The European Union has demanded the British Government agree to regulation on competition to ensure the UK does not become a competitor at the doorstep of the bloc at the end of the Brexit transition period. Boris Johnson signalled he is seeking to strike a Canada-style trade deal with the EU, an agreement which would include the establishment of some tariffs and quotas before the UK is allowed to trade within the single market. German MEP Bernd Lange confirmed Brussels is ready to agree to cut off the fully-free access to the common market for the UK unless the Prime Minister concedes to Brussels demands.
BBC Today programme host Mishal Husain asked the German politician: “If the UK said, ‘we accept that trade-off, we accept that if we want this style of agreement, then our market access would be more limited,’ the ball, therefore, goes over to your court. What conditions would the EU want to attach?”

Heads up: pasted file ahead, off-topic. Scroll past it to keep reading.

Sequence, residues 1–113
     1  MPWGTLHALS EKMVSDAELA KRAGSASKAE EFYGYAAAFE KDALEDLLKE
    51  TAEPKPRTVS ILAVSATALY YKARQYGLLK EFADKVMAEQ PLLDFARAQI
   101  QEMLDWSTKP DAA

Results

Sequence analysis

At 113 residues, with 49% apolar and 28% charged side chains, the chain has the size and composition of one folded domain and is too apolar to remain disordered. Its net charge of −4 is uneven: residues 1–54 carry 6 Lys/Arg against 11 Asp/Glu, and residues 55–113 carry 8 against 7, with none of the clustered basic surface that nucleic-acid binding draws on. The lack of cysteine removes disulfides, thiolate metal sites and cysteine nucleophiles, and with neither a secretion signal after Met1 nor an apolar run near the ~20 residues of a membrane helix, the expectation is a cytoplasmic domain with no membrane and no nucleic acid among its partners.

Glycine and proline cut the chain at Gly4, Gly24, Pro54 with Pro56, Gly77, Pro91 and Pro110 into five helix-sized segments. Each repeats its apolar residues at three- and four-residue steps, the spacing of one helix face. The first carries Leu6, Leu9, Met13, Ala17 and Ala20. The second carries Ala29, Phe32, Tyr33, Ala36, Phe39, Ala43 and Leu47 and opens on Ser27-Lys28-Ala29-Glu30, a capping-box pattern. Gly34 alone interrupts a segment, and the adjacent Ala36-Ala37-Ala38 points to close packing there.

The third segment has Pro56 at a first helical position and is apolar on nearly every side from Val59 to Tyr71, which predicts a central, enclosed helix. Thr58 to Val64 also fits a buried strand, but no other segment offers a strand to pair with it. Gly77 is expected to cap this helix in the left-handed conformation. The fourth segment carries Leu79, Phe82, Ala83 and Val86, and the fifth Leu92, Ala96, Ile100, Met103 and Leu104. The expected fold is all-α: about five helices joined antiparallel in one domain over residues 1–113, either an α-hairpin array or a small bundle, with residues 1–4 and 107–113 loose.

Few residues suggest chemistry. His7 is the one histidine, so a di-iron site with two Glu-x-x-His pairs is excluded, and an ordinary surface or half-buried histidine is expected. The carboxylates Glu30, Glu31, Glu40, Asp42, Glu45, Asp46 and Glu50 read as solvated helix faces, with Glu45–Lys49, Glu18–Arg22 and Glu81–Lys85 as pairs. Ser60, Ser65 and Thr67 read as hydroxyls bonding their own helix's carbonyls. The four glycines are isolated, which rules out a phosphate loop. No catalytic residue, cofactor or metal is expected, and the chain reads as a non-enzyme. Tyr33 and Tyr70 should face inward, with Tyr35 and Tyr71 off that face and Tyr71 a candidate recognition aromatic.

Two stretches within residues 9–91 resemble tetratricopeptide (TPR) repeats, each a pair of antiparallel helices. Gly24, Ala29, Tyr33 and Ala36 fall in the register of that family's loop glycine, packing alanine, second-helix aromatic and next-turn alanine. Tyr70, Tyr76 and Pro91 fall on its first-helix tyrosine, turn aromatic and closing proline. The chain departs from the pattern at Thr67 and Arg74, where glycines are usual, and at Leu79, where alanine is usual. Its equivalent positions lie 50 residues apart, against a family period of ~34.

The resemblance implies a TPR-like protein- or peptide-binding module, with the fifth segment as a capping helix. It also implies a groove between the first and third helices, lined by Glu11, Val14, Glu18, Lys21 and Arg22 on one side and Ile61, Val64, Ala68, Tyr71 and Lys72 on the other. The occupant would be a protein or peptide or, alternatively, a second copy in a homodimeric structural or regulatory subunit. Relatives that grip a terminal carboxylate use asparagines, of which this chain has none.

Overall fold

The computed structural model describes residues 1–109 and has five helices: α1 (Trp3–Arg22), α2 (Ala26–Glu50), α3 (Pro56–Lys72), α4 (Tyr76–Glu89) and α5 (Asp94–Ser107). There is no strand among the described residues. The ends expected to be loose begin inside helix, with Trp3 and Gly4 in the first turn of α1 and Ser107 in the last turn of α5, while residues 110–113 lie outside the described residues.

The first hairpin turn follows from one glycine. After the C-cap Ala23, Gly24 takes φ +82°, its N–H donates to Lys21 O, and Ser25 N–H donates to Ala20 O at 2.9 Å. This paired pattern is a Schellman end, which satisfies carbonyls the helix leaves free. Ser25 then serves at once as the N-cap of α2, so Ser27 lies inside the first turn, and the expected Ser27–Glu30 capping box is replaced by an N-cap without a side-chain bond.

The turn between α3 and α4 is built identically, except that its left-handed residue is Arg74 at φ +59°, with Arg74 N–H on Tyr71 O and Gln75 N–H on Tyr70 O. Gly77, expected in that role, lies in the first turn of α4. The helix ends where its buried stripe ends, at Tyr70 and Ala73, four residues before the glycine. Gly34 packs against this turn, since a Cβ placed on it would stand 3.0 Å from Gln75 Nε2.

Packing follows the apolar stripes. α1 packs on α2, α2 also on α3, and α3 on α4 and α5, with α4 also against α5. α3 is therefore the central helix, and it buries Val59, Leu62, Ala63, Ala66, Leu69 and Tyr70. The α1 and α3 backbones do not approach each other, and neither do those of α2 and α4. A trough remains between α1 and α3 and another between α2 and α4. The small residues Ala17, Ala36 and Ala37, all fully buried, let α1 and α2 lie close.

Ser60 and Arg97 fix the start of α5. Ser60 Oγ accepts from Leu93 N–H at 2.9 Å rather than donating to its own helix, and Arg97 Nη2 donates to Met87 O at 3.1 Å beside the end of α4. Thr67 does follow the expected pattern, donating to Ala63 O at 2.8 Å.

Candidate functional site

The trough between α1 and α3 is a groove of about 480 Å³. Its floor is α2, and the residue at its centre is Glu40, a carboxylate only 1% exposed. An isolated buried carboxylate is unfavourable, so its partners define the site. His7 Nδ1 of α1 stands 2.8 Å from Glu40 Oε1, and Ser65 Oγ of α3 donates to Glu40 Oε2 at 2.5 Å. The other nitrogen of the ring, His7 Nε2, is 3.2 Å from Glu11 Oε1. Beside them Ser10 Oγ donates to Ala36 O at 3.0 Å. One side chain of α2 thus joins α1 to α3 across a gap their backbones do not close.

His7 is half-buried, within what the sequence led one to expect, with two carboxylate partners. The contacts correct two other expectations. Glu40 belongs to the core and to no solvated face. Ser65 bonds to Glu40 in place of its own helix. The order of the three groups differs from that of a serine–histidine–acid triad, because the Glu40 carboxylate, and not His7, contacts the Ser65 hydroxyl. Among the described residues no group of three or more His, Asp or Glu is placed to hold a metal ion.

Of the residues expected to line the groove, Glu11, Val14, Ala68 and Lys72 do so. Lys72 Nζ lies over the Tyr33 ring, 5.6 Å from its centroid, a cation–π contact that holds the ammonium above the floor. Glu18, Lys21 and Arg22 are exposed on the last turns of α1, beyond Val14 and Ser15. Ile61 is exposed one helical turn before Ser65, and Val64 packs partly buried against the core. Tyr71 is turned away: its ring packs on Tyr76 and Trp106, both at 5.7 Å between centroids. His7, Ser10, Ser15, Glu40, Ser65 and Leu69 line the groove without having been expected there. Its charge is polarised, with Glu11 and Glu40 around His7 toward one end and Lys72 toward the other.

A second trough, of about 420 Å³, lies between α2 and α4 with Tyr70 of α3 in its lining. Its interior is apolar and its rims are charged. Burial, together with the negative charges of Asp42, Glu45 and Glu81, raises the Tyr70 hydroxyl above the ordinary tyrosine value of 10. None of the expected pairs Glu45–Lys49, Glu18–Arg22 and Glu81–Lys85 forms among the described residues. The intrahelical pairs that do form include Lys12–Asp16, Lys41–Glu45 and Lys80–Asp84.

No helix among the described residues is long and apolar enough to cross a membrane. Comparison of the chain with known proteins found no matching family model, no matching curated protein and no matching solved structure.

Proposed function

Mr Lange said: “Of course, tariff-free and quota-free means that we will have a kind of level-playing field.
“This is totally clear. It is not possible to have full tariff-free access with a dumping situation on taxation and state aid and labour rights.
“If there is no guarantee that there is some kind of understanding that there is no possibility to undermine the situation in the European Union then, of course, we have to look where we need to secure our production with tariffs.”
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Mr Lange, a member of the UK contact committee, added: “In the Canada agreement, the question on competition is mentioned, the issue of low standards is mentioned, the declaration on good working conditions is mentioned, the Paris Climate agreement.
“This is a minimum standard but, of course, this is linked to a minimum market access.
“If the UK is really willing to go for that, with all the economic consequences, of course, we are ready to do that.”
Mr Johnson’s top negotiator David Frost on Monday hit out at the bloc’s demands for a level playing field.
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